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    Some politicians are more equal than others

    Republican presidential candidates, Sen. Marco Rubio, R-Fla., and businessman Donald Trump argue as Sen. Ted Cruz, R-Texas, and Ohio Gov. John Kasich listen during a Republican presidential primary debate at Fox Theatre, Thursday, March 3, 2016, in Detroit. (AP Photo/Paul Sancya)
    AP Photo/Paul Sancya
    Republican presidential candidates during a primary debate at the Fox Theatre in Detroit on March 3, 2016.

    Both before and during the Great Recession, people were more likely to vote for a US senator with an economically liberal voting record, and less likely to vote for an economically conservative senator, when their zip code had higher levels of household income inequality. There was an effect for both Democrats and Republicans and for both high- and low-income voters, but only among voters who actually had some knowledge of the senator’s voting record.

    Newman, B. & Hayes, T., “Durable Democracy? Economic Inequality and Democratic Accountability in the New Gilded Age,” Political Behavior (forthcoming).

    Stereotypes and stats

    In an anonymous online experiment, researchers at Harvard and Stanford asked participants to choose which of two individuals would be more likely to answer hard questions on math or sports, given the individuals’ performance on easy questions on those topics. When the individuals were said to be of different gender, male participants tended to bet on the male even if he had done no better than the female on the easy questions. But discrimination was even worse when birth month, not gender, was the differentiating characteristic, where birth month had been portrayed as predicting ability to answer math or sports questions to the same degree as gender. Birth-month discrimination affected both male and female participants — suggesting that discrimination was simply the result of statistical expectations.

    Coffman, K. et al., “When Gender Discrimination Is Not About Gender,” Harvard University (December 2017).

    From welfare to work

    The Earned Income Tax Credit, or EITC, has bipartisan support, and research suggests that the credit has helped poor families over the long run. “Using variation in federal and state EITC benefits over time by family size, results indicate that. . . after a policy-induced $1,000 increase in EITC exposure between ages 13 and 18. . . individuals are subsequently 1.3 percent more likely to complete high school by age 20 and 4.2 percent more likely to complete a college degree by age 26,” leading “to a 1-percent increase in the likelihood of being employed between ages 22 and 27, and a $560 (or 2.2 percent) increase in average annual earnings.” This is partly explained by mothers being more likely to work, without causing much of a reduction in parenting time.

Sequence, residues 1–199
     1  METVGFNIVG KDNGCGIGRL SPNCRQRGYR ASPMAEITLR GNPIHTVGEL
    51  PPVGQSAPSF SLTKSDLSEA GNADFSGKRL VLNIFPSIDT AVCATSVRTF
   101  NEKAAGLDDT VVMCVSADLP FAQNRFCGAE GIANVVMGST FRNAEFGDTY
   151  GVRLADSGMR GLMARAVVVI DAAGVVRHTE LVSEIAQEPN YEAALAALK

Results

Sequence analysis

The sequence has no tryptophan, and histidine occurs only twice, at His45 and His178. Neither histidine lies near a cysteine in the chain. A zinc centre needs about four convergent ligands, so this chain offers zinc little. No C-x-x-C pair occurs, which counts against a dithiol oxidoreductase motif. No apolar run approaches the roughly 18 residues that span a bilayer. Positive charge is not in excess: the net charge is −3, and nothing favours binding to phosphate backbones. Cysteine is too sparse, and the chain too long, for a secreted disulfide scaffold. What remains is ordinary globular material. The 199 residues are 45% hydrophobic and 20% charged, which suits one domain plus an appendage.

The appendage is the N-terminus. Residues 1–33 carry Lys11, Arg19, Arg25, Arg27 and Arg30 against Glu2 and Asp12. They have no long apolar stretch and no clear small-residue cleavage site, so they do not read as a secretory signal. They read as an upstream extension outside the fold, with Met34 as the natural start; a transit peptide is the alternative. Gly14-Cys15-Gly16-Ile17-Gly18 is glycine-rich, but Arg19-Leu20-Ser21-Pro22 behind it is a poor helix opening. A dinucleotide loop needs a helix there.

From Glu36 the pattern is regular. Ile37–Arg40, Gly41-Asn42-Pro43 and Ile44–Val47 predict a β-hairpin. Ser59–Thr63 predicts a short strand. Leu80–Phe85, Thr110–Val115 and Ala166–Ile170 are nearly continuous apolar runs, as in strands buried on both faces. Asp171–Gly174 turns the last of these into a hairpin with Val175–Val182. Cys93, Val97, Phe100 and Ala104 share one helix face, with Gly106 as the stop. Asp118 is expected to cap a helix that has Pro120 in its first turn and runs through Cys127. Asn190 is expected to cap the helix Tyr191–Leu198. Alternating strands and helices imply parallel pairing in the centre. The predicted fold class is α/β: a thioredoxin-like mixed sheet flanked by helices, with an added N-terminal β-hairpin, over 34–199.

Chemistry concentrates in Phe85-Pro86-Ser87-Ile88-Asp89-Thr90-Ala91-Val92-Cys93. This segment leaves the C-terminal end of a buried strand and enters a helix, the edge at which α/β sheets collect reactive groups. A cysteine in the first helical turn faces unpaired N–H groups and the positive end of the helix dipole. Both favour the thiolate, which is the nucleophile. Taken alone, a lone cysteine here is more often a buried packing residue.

Michelmore, K. & Bastian, J., “The Long-Term Impact of the Earned Income Tax Credit on Children’s Education and Employment Outcomes,” Journal of Labor Economics (forthcoming).

    People are sheep, or monkeys


    In a study from researchers at Stanford, the University of Colorado, Duke, and the University of Pennsylvania, monkeys were placed in front of touch screens and repeatedly shown brand logos paired with images of female hindquarters, dominant male faces, subordinate male faces, or corresponding scrambled (control) images. Subsequently, when given the opportunity to choose between logos, the monkeys tended to choose logos that had been paired with female hindquarters or, to a lesser extent, dominant male faces. There was no such response to subordinate male faces, at least among female viewers.

    Acikalin, Y. et al., “Rhesus Macaques Form Preferences for Brand Logos through Sex and Social Status Based Advertising,” PLoS ONE (February 2018).

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    Doing unto others

    Researchers arranged for randomly selected officers of the Seattle Police Department to take part in special meetings with their supervisors. The supervisors asked open-ended, reflective questions about a routine action by the officer and then asked for feedback on their own performance during the meeting. In other words, the supervisors modeled the kind of respectful interaction that officers are expected to have with citizens. In the weeks after these meetings, officers were as active in the community as officers in the control group were, but “were less likely to resolve incidents with an arrest and less likely to be involved in use-of-force incidents.”

    Owens, E. et al., “Can You Build a Better Cop? Experimental Evidence on Supervision, Training, and Policing in the Community,” Criminology & Public Policy (February 2018).

    Kevin Lewis is an Ideas columnist. He can be reached at